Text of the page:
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John Piper (British, 1903-1992)

Paintings

Birth Place: Epsom (Surrey, England, United Kingdom)

Biography:
John Piper was born on December 13, 1903 in Epsom, Surrey. He was a designer of stained-glass windows, a printmaker and a painter. He also published a book of poems along with his illustrations.

John grew up in Epsom. He discovered that he had a passion for art at a young age. He spent a lot of time outside and drew and painted pictures of the things he saw. After high school, he attended Epsom College. He did not like the school, and he eventually left it.

John initially did not have the support of his father, Charles Piper, who wanted his son to follow in his footsteps and become a solicitor. However, Charles agreed that John could choose any career that he wanted if John spent at least three years working for him. John worked in his father's office until 1928. He also contributed some of his paintings and drawings to "Nation" in 1928. After leaving the job, he studied at Richmond and Kingston School of Art. He also studied at the Royal College of Art.

John married his first wife Eileen in 1931. When he first started his career in art, he mainly drew landscape drawings. However, he took a trip to Paris in 1933, which inspired him to create more abstract drawings. John joined the London Group in 1933 and was also a member of the 7 &5 Society from 1934 to 1935.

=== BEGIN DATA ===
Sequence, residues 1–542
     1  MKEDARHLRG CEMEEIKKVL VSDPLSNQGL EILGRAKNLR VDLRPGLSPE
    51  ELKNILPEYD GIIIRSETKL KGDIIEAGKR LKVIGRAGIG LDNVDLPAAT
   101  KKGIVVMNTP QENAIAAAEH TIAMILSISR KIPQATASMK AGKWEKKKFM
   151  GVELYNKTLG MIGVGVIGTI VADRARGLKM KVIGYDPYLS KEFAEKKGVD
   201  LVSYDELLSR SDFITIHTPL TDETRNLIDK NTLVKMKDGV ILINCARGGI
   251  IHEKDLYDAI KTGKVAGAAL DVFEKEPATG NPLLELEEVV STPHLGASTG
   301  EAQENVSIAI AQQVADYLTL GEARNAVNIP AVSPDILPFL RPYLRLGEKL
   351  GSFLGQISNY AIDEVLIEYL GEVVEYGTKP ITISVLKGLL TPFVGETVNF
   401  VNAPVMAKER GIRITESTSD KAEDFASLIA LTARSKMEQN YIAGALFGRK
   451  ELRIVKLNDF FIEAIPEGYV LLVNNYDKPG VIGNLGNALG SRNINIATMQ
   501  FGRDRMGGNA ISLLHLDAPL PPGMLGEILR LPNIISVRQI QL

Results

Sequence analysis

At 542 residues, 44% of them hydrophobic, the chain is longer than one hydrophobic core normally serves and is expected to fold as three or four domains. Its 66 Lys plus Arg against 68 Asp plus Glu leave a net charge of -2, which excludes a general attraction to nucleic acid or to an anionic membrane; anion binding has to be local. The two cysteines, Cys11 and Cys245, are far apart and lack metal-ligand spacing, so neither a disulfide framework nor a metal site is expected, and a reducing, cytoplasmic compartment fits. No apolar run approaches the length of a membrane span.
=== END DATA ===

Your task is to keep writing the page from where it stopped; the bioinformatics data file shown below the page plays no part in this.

His first marriage eventually ended, and he married his second wife named Myfanwy, who was a writer, in 1937. John began writing for the "Architectural Review" in 1938. He also published his first guidebook that same year. Additionally, John created the first stage design for Stephen Spender's "Trial of a Judge” in 1938. He made designs for numerous other operas and ballets.

John was an official WWII artist from 1940 to 1942. He painted decorations for the British Embassy in 1948, and he supervised the design of the Battersea Pleasure Gardens. John also designed windows for the Qundle School Chapel in 1954.

Although John is gone, he has left a legacy that will live on. Many of his paintings and drawings are displayed at the Tate Gallery in London.

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